Poetry Pamphlet Reviews & Features

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Poems for Lunch Poems at SFU, Rob MclennanThe jacket is square and pale yellow. The title is in black bold lower case filling the width of the jacket just above half way up. Below is the author's name, very much smaller, an din the same font, but the letters are spaced out and all lower case, whereas the key words in the title are capitalised. Above the title is a wide rectangular photograph of a mountain range and sky. It has a slightly crumpled look but that may be the effect of the scanner!

above/ground press, 2020     $5.00

Connecting

Rob Mclennan is a Canadian poet/publisher, so for UK readers the ‘SFU’ in the title might need a note of explanation. It stands for Simon Fraser University (in British Columbia). One of its regular activities is hosting a monthly lunchtime poetry reading — although whether Mclennan could read the whole of this pamphlet during the session isn’t clear.

Lunch poems’ rings a bell. It was the title of Frank O’Hara’s sixth collection, published by City Lights in 1964. Those were poems written at speed, often during a city walk, responding to what was happening on the street or in the news. They were immediate, direct and conversational in tone. They reflected O’Hara’s interests and curiosity.

Did this influence SFU’s choice of name for its readings? How much did Mclennan have O’Hara’s poems in the back of his mind? I can’t know the answers but the questions sit alongside my response to these poems. To me, they read as though they were written quickly, catching the images as they fly, getting them down before they can escape. Mclennan has an impressionistic style and his poems, as shown here, are in numbered sections.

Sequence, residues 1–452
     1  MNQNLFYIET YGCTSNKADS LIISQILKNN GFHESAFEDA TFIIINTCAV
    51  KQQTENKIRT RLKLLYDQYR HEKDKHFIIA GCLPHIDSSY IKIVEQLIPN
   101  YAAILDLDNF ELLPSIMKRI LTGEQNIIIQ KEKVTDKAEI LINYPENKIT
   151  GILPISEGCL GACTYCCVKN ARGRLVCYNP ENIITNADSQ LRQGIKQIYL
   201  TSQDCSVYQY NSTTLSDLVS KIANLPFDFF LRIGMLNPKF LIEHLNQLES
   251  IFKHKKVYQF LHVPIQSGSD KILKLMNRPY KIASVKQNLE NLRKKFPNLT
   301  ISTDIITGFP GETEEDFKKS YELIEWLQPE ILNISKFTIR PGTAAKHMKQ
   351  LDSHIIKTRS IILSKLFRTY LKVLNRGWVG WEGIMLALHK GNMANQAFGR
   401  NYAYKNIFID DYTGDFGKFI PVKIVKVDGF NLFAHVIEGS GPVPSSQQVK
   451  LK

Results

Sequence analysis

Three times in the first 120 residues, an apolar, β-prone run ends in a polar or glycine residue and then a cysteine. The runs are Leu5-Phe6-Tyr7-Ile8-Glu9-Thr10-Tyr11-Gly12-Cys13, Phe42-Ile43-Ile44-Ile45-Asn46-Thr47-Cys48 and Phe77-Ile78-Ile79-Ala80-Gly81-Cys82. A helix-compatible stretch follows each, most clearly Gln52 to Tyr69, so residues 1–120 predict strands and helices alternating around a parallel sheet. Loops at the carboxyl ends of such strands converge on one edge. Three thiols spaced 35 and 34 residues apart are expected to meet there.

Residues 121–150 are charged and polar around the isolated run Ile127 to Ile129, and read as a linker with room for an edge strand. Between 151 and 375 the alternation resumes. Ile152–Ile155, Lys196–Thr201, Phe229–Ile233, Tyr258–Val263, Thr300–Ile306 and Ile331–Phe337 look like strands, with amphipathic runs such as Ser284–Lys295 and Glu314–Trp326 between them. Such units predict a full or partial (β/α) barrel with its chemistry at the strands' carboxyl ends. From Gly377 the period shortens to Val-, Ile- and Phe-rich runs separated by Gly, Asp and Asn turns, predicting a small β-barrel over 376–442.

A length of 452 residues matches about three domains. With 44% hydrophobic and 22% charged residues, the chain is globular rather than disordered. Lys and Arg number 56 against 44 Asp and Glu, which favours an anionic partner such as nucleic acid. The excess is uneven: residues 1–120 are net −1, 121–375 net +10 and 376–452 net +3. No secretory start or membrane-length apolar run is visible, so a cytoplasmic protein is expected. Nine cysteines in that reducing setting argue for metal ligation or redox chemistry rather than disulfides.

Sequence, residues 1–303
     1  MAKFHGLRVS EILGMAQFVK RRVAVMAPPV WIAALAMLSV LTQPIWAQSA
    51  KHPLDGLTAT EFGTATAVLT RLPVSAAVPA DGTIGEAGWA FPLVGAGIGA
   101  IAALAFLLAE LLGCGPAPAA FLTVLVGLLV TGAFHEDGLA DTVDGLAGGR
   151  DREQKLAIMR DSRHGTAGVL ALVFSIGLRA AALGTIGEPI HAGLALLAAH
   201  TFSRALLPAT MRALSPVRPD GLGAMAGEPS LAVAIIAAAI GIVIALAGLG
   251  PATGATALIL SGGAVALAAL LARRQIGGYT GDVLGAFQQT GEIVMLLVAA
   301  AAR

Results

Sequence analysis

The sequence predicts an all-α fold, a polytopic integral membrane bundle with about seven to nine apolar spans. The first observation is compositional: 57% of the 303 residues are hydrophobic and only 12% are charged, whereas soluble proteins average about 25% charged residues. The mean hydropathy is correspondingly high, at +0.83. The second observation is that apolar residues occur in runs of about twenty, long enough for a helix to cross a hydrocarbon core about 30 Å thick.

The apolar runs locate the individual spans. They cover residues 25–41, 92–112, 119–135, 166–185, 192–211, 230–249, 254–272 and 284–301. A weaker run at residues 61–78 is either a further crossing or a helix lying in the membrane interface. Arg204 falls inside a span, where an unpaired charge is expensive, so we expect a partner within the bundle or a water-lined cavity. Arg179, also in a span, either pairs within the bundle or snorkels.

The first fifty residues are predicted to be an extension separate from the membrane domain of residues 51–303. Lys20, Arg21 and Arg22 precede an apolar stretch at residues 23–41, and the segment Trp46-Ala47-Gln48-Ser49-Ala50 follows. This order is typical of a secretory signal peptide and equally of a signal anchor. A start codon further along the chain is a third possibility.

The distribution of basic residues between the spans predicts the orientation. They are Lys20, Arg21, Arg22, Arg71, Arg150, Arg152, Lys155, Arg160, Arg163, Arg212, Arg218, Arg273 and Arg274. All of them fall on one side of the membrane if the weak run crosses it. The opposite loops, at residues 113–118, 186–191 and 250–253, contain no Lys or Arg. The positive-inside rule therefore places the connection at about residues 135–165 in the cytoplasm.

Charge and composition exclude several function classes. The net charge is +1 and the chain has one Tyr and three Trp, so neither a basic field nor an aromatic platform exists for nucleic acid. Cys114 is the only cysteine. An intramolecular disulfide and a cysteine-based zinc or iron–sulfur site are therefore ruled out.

This, the second section from ‘Four poems for my forty-ninth birthday’, shows his rapid-jotting approach —

The O-train as it snakes, construction. Timetables,
walked and walking. Wherewithal.

They aim to build this

needlessly slow. I kid, of course. But then:
the concrete

does nothing to absorb the water. Floodplain,
streets. The carved precision

of caged liquid. But,

the clouds. The lightest rail.

This doesn’t attempt to show me the whole picture but the quickly-drawn sketch catches how thought moves over the surface of what’s seen. A construction site links to travel and how time is controlled; to movement; to the effects of building on the environment. We don’t need an explanation for each stage but simply to go along with it, to keep up with the poet.

These are poems that travel fast and never stay still.

D A Prince